Laura Toailoa — 22, graduating in December with a BA (Honours) in English Literature, and co-editor of Victoria University’s student magazine, Salient — is a first-time voter, who’s wondering why it’s so hard to become a well-informed one.
I still don’t know enough about politics to know who I should be voting for on September 23. And that’s not just me. I hear pretty much the same thing from other students at Vic.
I’ve never voted in a local or general election before. One of the reasons is that I’m used to obeying institutional authority: parents, teachers, bosses, and the government. It’s so deeply ingrained in me to be a rule follower that it freaks me out having the audacity to tell the people in charge that they should doing things differently.
I don’t know how much of this is because women are made to feel like their voice is less legitimate. Or whether it’s because I can’t fully remove the colonising racial inferiority embedded deep in my psyche. Or because I’m the sixth out of seven children and I’m well-trained in the role of the follower, the one waiting to be told what to do.
But I’m now 22, and I realise I’ve slipped into adulthood while I’ve been busy looking to the adults for answers and guidance. I also realise that many men and women who’ve been put into positions of authority are just muggles who’re doing the best they can with what they know — which often isn’t much.
So, this time, realising that these people in charge might be wrong, I’ve decided to add my five cents worth by means of my vote. Preferably a well-informed vote.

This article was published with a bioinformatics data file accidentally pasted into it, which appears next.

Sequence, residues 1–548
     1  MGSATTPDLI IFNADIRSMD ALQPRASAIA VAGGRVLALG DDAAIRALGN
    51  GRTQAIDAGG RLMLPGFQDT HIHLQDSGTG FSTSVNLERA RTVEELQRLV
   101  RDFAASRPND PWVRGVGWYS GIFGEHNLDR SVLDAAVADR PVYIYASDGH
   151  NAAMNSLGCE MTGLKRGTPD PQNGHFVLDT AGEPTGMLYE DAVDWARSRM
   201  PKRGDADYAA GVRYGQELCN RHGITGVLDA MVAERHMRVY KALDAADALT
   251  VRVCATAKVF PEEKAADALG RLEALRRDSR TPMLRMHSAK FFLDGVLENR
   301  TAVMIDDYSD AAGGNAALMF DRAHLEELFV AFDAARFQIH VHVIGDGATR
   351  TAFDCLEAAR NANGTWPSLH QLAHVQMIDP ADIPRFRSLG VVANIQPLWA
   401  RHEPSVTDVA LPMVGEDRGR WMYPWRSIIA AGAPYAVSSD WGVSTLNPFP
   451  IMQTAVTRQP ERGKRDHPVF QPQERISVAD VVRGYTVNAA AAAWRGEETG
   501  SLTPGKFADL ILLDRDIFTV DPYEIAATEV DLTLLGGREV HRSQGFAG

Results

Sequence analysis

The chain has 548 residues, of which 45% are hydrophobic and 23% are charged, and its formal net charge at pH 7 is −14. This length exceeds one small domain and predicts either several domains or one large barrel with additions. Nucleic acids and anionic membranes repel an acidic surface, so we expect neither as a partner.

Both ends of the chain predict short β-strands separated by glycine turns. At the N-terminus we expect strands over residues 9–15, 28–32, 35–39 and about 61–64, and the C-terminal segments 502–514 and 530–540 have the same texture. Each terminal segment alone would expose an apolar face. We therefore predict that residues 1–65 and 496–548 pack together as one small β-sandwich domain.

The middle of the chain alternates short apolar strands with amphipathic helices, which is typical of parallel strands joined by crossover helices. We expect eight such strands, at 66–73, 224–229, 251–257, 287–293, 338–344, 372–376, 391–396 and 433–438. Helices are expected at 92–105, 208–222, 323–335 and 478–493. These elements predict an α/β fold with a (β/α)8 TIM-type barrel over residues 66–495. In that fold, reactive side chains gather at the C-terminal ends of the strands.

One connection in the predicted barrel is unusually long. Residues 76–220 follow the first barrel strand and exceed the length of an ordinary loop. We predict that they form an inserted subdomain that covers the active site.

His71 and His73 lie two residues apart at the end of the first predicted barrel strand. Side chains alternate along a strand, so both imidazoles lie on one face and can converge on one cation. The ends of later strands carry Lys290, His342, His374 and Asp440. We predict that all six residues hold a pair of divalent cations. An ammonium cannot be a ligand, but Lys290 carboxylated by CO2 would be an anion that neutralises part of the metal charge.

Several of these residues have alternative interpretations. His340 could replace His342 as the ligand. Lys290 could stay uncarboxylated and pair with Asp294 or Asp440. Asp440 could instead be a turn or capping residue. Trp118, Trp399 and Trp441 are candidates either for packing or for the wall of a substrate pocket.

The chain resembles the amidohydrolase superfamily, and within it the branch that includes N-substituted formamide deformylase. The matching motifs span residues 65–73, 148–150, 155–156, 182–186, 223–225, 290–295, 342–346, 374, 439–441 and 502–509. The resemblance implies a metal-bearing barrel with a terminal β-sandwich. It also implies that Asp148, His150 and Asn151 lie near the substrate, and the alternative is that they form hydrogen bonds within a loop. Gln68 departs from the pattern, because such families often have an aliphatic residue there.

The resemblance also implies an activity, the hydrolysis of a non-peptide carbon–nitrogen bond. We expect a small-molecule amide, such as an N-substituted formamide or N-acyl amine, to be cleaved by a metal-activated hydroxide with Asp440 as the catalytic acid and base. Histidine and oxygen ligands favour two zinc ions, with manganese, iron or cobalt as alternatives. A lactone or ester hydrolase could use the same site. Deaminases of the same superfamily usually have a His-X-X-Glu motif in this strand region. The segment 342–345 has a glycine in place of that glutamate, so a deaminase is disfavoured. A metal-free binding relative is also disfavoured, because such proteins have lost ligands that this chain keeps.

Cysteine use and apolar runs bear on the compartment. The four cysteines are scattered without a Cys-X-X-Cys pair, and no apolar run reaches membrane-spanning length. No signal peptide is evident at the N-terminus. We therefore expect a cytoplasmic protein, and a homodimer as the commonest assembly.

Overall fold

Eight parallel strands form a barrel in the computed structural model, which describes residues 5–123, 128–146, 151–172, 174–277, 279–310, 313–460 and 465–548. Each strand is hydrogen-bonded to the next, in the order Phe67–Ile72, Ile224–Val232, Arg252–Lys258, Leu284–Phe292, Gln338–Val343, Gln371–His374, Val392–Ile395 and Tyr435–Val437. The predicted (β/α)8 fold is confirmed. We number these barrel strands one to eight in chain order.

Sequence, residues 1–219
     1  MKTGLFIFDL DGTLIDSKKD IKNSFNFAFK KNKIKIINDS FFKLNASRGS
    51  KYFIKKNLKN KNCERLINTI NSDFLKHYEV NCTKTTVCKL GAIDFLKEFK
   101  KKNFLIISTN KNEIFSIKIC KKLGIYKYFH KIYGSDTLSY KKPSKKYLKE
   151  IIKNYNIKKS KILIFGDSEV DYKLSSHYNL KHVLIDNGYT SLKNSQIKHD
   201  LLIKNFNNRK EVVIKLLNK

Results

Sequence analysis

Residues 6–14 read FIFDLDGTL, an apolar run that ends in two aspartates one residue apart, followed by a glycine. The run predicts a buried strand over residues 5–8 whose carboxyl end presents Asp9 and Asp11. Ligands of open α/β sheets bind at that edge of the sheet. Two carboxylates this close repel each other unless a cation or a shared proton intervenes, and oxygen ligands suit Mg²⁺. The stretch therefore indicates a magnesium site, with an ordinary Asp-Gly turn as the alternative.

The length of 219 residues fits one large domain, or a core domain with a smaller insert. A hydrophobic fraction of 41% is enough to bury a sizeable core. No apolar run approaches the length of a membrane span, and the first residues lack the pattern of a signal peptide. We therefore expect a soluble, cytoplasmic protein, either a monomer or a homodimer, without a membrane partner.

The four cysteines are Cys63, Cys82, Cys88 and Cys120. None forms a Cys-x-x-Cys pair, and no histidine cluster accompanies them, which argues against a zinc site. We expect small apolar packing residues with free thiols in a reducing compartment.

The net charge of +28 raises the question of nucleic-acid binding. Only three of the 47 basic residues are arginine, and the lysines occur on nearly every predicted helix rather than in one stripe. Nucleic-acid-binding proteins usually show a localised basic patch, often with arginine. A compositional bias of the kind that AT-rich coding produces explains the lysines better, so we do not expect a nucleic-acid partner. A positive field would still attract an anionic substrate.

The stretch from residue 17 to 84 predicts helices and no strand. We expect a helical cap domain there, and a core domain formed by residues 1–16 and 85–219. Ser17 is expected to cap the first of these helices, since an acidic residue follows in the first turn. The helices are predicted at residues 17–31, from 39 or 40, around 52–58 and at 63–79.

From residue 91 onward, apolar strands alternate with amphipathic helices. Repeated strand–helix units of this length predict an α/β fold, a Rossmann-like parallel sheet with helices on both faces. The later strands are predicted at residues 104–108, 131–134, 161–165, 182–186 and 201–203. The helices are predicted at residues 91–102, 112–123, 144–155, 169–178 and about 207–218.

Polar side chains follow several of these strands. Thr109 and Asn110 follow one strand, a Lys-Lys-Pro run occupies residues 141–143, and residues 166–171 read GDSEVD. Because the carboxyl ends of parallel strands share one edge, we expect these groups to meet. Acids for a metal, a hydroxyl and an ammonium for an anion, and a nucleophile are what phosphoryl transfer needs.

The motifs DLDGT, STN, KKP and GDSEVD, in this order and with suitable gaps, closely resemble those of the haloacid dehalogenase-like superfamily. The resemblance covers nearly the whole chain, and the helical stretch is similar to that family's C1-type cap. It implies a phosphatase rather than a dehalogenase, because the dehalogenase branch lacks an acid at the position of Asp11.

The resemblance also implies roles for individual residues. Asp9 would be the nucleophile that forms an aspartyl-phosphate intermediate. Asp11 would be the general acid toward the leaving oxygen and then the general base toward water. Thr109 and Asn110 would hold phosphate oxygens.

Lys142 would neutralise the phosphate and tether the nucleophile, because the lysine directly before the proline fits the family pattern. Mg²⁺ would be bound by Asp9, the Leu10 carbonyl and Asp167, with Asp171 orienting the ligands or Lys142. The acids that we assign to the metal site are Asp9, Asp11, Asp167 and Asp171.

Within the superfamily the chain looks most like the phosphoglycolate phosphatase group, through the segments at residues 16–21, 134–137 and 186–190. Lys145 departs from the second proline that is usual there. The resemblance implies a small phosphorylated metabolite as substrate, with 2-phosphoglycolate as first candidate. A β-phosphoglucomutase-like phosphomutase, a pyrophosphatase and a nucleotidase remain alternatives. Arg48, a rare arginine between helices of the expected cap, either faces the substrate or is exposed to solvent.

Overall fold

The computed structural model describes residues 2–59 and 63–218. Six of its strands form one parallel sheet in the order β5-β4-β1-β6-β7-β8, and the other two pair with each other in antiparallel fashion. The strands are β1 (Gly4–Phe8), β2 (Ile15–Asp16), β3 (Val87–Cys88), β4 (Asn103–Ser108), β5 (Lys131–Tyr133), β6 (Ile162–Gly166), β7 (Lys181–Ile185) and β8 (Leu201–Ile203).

So far, I’ve watched WHY YOU SHOULD VOTE videos online, read thinkpieces on news sites, and policy outlines on party websites, and insightful hot-takes on Twitter, and watched some leaders’ debates.
And the first lesson is that it’s damn hard to get informed. There’s no shortage of voices spouting on the internet like they came out of the womb yelling for tax cuts or calling for an end to poverty or neoliberalism.
Man, there’s a myriad of information out there. But how reliable is it? And how reliable are the smiling politicians?
Now, I don’t have a formula for spotting the phonies and the fake news, but here are a few suggestions if you want to get your head around some of the issues.
1. Check out the three most popular online quizzes — and do one or two of them.
They won’t give you everything you need to know. But they’re pretty good starting points to introduce you to the ideas and parties being talked about in the lead-up to the election.
On The Fence is the easiest tool to use. They ask 18 questions, and you’ll be able to see where your opinion (if you have one on that issue) lies between the two extremes. It’s a good start to get a line on your top two parties and see if other stuff they’re saying aligns with what you think is right.
TVNZ’s Vote Compass has more questions. But these questions are asked in a way that assumes you have some knowledge of New Zealand government and politics. So I found I was doing a lot of “I don’t know” clicking.
For example, the second question is: “The government should restrict the tax breaks that can currently be claimed by property investors.” Well, I just don’t know.